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Jan. 22, 2018

Legal marijuana: The dystopian state of California

The state of California is giving the marijuana industry six months to sell off contaminated inventory before getting "serious" about purity requirements.

By Scott Chipman
California faces several huge and growing problems. Our state is currently identified as the 37th worst for raising a child and 42nd in educational performance. California has 25 percent of the country's homeless (and climbing) with only 13 percent of the U.S. population. And, more than 20 percent of California citizens live below the poverty level. And U.S. life expectancy is declining because of drug and alcohol abuse. None of these problems will be improved with more marijuana use. In fact, observations of current legal pot states indicate that each of these problems will become worse.

So what can we expect to see as the marijuana industry continues to ramp up? An even greater normalization of pot and a gradual increase in use. This will increase impaired driving crashes (deaths related to marijuana impaired driving crashes doubled in Washington State in a year after legalization), more teens and young adult addicts, more psychotic breaks and violence related to marijuana and even more arrests.

Arrests for marijuana have actually increased in Colorado because it is a lawless industry not willing to stay within the boundaries of regulation and because a larger market emboldens even greater illegal activities.

We will also see an increase in teen and young adult use whose brains are not fully developed until about age 25. This will have multiple and long lasting negative impacts. Teens watch what we adults do much more than listen to what we say they should (or shouldn't) do. And, what we have been saying about marijuana has not been anything that would discourage their use. And what they have seen us do is "medicalize" pot by popular vote (This is the first time in history a medicine was "approved" via popular vote or legislative action). Next, we promoted and commercialized an industry that markets a harmful and addictive substance.

We have also given this industry special "carve outs" not known in any other industry. Recent pot product surveys and testing by a UC Davis chemistry professor and Steep Hill Labs, Inc. found that 93 percent of pot from "dispensaries" in four southern California counties tested positive for pesticides. The state is giving the industry six months to sell off contaminated inventory before getting "serious" about purity requirements! What other industry -- agricultural, candy, cosmetic, et al. -- would be given six months of sales of poisonous products prior to making their products safe? None, of course!

This is just one example of how California has failed to properly regulate this lawless industry. The state has no proactive marijuana investigation/enforcement agency. All investigations and enforcement of violations will be "complaint driven". Complaints come after the harms and impacts have occurred and most Californians don't know what the law really is and are not inclined to become investigators against pot drug dealers and be subject to intimidation and threats. Don't expect any real enforcement or investigation.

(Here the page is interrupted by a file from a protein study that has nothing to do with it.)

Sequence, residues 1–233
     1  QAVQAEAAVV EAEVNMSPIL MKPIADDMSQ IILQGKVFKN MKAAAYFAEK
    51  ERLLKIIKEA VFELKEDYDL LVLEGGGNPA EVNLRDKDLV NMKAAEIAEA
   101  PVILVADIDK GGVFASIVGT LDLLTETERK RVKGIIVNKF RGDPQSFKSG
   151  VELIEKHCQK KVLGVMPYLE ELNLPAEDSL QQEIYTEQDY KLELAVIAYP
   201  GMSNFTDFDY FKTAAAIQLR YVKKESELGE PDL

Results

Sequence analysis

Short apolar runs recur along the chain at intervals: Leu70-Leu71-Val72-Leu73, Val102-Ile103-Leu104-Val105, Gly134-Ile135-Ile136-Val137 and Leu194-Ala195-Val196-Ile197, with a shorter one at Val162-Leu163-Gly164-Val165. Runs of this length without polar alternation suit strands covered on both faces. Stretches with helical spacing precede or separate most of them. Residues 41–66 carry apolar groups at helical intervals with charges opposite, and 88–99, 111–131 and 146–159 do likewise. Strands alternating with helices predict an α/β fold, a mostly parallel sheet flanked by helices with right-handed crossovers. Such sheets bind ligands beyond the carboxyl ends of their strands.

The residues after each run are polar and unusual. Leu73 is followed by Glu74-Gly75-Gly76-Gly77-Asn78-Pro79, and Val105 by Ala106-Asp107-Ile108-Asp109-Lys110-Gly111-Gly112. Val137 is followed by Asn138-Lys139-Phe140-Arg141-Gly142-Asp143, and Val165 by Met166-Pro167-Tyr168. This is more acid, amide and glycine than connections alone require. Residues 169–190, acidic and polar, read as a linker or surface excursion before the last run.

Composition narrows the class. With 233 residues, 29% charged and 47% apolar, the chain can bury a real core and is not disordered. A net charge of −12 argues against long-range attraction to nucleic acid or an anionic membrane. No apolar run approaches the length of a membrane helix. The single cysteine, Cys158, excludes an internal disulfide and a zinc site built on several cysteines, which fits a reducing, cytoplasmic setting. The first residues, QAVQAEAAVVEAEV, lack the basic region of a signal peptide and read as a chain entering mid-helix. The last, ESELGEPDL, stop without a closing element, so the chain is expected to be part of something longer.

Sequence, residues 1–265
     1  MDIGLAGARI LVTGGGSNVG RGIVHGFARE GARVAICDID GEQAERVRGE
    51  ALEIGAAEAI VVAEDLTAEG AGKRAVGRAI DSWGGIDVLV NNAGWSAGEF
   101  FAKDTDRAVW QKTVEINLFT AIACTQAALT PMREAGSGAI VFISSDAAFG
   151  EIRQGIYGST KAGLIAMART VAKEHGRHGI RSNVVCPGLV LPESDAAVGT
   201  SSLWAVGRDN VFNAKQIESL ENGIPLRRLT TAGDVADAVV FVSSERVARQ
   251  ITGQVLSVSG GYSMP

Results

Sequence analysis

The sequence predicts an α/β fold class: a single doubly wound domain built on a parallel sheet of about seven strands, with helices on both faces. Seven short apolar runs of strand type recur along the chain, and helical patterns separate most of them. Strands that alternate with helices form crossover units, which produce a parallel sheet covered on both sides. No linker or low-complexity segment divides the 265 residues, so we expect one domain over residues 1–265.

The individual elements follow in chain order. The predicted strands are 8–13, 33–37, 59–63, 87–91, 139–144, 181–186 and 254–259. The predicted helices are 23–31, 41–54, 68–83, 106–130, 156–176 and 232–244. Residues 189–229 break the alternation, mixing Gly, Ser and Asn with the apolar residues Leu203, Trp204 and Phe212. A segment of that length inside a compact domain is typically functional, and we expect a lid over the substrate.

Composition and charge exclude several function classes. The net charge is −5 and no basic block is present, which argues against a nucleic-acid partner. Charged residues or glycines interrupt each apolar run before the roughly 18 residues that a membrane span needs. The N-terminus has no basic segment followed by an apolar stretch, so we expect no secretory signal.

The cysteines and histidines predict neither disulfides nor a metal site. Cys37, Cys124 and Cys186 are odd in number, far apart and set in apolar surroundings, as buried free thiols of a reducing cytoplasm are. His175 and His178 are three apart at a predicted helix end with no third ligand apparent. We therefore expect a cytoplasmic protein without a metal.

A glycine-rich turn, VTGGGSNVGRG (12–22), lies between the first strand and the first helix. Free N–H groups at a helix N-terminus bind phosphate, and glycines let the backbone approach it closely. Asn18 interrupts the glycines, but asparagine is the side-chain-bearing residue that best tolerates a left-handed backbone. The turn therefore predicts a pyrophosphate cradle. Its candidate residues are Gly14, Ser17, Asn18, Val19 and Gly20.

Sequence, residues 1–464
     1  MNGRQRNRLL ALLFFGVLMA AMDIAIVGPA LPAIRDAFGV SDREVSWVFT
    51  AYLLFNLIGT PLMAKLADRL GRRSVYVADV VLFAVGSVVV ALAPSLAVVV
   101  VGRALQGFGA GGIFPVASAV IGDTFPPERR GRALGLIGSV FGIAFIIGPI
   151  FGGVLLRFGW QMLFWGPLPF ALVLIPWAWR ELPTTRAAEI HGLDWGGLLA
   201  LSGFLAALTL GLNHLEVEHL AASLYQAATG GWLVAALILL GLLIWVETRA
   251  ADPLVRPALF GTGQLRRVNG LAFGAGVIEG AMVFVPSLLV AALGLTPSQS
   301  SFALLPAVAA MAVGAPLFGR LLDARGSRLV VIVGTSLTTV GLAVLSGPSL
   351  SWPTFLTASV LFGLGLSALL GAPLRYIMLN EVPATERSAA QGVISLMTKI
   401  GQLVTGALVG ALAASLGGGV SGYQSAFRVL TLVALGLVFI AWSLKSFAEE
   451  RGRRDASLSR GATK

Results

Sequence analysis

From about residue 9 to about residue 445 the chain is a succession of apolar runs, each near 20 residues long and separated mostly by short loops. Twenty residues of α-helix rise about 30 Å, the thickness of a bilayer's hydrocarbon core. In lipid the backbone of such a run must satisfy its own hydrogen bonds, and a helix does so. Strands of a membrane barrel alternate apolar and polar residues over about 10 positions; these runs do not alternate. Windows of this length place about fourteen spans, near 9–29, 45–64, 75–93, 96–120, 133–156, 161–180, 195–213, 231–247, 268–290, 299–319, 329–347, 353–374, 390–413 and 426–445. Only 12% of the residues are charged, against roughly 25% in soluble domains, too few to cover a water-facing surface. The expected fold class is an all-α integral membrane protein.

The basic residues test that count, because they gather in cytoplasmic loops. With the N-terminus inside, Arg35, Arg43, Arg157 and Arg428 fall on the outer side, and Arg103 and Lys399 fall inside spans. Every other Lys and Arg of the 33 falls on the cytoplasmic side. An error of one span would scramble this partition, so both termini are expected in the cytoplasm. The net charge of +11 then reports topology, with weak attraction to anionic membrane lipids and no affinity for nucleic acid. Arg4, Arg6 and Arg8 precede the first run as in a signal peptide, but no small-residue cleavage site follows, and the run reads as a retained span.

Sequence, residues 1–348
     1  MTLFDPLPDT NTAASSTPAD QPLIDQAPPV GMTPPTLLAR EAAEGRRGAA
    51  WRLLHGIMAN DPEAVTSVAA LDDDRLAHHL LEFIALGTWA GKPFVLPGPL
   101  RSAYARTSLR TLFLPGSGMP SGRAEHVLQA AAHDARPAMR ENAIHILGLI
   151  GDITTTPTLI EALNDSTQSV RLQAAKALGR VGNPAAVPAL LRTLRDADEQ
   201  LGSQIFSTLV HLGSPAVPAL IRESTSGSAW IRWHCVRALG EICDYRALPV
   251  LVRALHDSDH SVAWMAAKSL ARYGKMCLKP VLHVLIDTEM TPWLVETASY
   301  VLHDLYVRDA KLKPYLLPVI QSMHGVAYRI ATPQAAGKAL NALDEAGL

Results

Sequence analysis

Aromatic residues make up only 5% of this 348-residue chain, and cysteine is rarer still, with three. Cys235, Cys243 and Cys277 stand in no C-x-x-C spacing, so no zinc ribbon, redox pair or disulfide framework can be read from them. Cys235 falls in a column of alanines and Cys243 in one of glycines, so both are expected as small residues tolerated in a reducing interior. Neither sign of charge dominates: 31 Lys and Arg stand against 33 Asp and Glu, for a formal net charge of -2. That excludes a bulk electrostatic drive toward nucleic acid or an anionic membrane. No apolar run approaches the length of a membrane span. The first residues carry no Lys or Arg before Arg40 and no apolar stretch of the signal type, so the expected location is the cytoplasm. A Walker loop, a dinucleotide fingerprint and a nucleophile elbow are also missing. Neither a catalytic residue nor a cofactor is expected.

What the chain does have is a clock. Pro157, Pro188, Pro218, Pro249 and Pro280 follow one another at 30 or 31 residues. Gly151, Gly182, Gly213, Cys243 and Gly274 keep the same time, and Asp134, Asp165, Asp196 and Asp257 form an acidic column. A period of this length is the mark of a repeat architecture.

Many voters thought that tax revenues would be useful, helping to mitigate some of the harms. But the cost of enforcement and bureaucracy will eat heavily into the tax revenues. And, the language in Prop. 64 allows taxes to be reduced or eliminated if it is shown that the "regulated" industry can't compete with the black market. The black market is alive and well in Colorado with over 40% of pot being sold outside of the tax structure. Last year Colorado's state Attorney General, Cynthia Coffman, told the media: "The criminals are still selling on the black market. ... We have plenty of cartel activity in Colorado (and) plenty of illegal activity that has not decreased at all." The black market in California is much older, bigger and more powerful than in Colorado and extralegal operators will not come out to say, "Here I am, tax me."

We would do well to remember that Prop 64 legalization of marijuana was not a grass roots movement. It would have fallen to wayside with the other 10 proposed pot legalization initiatives if not for the infusion of tens of millions of dollars by George Soros and Sean Parker. Money from the pot industry and these 2 billionaires provided between $7 and $10 for each signature to qualify the measure for the ballot. Most Prop 64 voters thought they were keeping people from being arrested when approving legalization. The reality is they were endorsing a huge industry that relies on addiction for its profits.

Tax revenues will never make up for the cost of addiction, therapy, car crashes and resultant injuries, psychotic breaks, drop outs, lost productivity, babies and children impacted by using and addicted parents, etc. The costs will be more than 10 times the tax revenue.

The best we can hope for -- and what we should be demanding -- is federal enforcement against commercial pot operations.

A few targeted enforcements, some letters to landlords from US attorneys, and arrests and jail time for lawbreaking pot dealers will keep the industry in check.

Scott Chipman is Southern California chair of Citizens Against Legalizing Marijuana ( and co-founder of San Diegans for Safe Neighborhoods.


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